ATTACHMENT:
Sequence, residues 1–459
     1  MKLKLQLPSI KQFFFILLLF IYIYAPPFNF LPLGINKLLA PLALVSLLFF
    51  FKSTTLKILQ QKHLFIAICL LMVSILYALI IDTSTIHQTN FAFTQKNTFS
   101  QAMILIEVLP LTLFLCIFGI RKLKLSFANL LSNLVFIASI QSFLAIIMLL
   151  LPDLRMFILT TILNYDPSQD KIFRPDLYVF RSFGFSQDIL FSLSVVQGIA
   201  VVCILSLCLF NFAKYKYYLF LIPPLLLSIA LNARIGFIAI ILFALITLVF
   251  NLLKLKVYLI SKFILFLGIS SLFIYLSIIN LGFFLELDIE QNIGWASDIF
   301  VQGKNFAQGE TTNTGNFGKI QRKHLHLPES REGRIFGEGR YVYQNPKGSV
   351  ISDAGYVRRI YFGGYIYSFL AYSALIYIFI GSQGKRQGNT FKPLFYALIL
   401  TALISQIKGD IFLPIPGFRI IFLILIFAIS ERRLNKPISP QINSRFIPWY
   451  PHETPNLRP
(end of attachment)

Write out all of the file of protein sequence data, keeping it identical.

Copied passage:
Sequence, residues 1–459
     1  MKLKLQLPSI KQFFFILLLF IYIYAPPFNF LPLGINKLLA PLALVSLLFF
    51  FKSTTLKILQ QKHLFIAICL LMVSILYALI IDTSTIHQTN FAFTQKNTFS
   101  QAMILIEVLP LTLFLCIFGI RKLKLSFANL LSNLVFIASI QSFLAIIMLL
   151  LPDLRMFILT TILNYDPSQD KIFRPDLYVF RSFGFSQDIL FSLSVVQGIA
   201  VVCILSLCLF NFAKYKYYLF LIPPLLLSIA LNARIGFIAI ILFALITLVF
   251  NLLKLKVYLI SKFILFLGIS SLFIYLSIIN LGFFLELDIE QNIGWASDIF
   301  VQGKNFAQGE TTNTGNFGKI QRKHLHLPES REGRIFGEGR YVYQNPKGSV
   351  ISDAGYVRRI YFGGYIYSFL AYSALIYIFI GSQGKRQGNT FKPLFYALIL
   401  TALISQIKGD IFLPIPGFRI IFLILIFAIS ERRLNKPISP QINSRFIPWY
   451  PHETPNLRP